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Alarm System Industry Changes Will Effect All Alarm Users in 2006

Written by alarms  |  14. January 2006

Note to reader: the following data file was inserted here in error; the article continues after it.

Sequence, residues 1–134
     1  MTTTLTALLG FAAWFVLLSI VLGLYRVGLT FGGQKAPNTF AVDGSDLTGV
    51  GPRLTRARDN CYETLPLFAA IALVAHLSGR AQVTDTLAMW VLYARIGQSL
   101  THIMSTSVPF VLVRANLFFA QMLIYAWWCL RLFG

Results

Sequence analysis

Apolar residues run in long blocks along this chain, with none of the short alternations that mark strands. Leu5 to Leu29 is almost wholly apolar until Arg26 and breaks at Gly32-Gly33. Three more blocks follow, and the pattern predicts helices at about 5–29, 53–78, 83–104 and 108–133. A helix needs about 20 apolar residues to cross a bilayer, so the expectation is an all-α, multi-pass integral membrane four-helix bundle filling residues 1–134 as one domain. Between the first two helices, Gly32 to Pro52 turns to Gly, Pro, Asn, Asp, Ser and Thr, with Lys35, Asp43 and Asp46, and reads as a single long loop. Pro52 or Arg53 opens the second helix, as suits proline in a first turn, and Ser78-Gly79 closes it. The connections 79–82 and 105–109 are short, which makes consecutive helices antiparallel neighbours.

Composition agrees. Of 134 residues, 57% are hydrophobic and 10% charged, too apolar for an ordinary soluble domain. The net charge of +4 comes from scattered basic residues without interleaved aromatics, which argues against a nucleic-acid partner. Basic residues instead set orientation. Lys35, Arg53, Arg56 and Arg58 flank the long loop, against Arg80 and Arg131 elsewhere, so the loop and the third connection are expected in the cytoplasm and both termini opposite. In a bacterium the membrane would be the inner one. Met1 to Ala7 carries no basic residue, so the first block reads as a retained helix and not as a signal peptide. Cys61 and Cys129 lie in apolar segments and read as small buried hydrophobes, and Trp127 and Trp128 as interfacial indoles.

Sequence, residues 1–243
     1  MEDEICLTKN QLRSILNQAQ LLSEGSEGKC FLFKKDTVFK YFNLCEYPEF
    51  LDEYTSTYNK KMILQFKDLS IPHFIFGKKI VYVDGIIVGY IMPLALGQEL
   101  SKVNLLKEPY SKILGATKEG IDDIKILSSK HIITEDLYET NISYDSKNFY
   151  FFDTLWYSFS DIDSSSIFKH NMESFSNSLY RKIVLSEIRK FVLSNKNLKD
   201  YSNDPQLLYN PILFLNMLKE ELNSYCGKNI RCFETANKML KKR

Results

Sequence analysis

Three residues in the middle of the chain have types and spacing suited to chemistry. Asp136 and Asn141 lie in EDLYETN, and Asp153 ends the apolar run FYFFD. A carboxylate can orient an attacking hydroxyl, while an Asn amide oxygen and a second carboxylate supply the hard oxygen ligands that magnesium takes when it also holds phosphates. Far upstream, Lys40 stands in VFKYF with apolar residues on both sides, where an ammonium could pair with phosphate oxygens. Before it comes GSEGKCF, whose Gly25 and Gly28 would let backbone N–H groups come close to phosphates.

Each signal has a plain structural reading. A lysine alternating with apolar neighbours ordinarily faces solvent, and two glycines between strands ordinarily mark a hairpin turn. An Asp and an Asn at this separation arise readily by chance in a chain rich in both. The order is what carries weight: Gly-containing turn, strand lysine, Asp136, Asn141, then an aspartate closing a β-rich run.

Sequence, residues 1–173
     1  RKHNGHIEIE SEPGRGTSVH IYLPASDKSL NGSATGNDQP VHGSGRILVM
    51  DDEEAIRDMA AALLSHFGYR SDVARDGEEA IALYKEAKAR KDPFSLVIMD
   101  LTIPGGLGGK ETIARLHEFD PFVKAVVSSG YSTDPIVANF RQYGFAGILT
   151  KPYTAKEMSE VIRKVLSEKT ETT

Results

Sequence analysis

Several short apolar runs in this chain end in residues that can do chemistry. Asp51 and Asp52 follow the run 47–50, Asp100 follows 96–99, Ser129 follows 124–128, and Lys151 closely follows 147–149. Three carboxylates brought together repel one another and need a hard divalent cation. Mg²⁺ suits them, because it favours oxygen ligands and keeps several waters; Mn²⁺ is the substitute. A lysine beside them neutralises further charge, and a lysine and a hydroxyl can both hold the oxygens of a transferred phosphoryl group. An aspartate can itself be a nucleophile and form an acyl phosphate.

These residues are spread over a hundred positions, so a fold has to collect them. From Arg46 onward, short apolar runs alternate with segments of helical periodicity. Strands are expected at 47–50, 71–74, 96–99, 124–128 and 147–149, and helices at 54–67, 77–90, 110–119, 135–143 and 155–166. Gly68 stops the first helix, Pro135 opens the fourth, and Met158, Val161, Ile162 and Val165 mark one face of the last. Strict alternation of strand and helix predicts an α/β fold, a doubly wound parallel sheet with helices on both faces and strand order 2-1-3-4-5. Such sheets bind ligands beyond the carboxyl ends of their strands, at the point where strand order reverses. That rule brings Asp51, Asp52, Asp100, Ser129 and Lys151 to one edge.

I have made it my business to watch out for subtle security alarm industry changes over the years. Each and every year I can see these changes slowly take shape and take hold on the Alarm Companies that provide systems for consumers like you and me. The majority of these changes in the past went unnoticed by the average Alarm System protected household and business. They were slight adjustments made by the Alarm Dealers, Manufactures and Service Providers and unless you were looking, you missed most of them The changes that I have seen take place in late 2005 and early 2006 will definitely effect you, and if you don't know about them could cause you great hardship. The first big change is the fact that more and more consumers are switching from regular phone lines to VoIP (voice over Internet protocol) phone lines. These phone lines are tied to your PC and cost a fraction of what the Bells are getting for local and long distance phone services. As the majority of security alarm systems report over the phone lines, any changes in your phone service after install could effect the reliability of your monitoring service. You could and should send a test signal often, but the problem is that your signal may transfer perfectly over VoIP this time, and not work when you need it most. The larger Alarm Companies are refusing to monitor these VoIP signals at all, until the phone companies can prove reliability in signals transferred over these types of lines. Many of the smaller companies are taking a chance that it will work, in a way gambling with your life safety. There are alternatives available for you if you have VoIP as I do, and you can read more about VoIP and alarm systems at the following link: expertsknow.com The next change that you need to know about is ECV (Enhanced Call Verification). ECV has been a topic of discussion for years between the alarm dealers, their governing agencies and the local authorities such as Police, Fire and Ambulance. Did you know that the majority of alarms are false alarms? Burglars have plenty of victims without security alarm systems to choose from, so dispatches during actual burglaries are a small portion of them. The largest numbers of alarm dispatches from the monitoring companies are due to user error. Home and business owners might set their security system off on accident and if the phone lines were tied up because they are trying to call in, the monitoring companies would dispatch the authorities. Or maybe they took too much time leaving and the system went off as they drove away. In defense of the people who had actual emergencies, many police departments around the world STOPPED RESPONDING to alarm systems. After many legal battles between the alarm industry and local governments, they agreed to test ECV for a few years in certain markets and make a decision in the last quarter of 2005 The reduction in false alarms across the board was astounding! Here's how ECV works When your alarm goes off your alarm company will have to: Call the premise first and get a pass-code. If there is no contact with a pass-code holder they must call each person on your call list, until a live person says "Please send the police" or "this is not a false alarm". Very often they will reach the alarm owner on a cell and they will say "I just left there and must have set it off" preventing a false dispatch. If there is no contact, there is a good possibility that no dispatch will be made. If a dispatch is made without this ECV, the authorities will probably not respond! if they do, it will most likely be a response with low priority. Heres what you can do to help insure a dispatch is made when you need it Many alarm companies will be switching to 2-way voice systems as the only type alarm system they will install. This means that as an alarm is triggered, a microphone opens up allowing the monitoring station to talk to you without a phone call. If they hear any activity in the house or business, this will be considered a verified response and a dispatch will be authorized. 2-way voice can be added to many existing systems. I would be wary of the Alarm Dealer that does not notify you of these changes, or at the very least be willing to have a knowledgeable discussion with you when you call to talk to them about it. Another way to ensure verified response is to have perimeter and interior devices on seperate zones. If your alarm system reports in "Extended Reporting"it will show the motions of a burglar with multiple signals, and justify a high priority dispatch. It is important for you to know that ECV will not effect your panic buttons and distress code. These signals will be handled as they always were. I would also advise that you take a few moments to call your local authorities and discuss their alarm response policies with them. This way you are hearing it from the person's that will make the decision that may safe a life. There is no doubt that your Alarm System is a very important part of your security plan. However it is only as good as the consumer that depends on it, being educated on its use and limitations.

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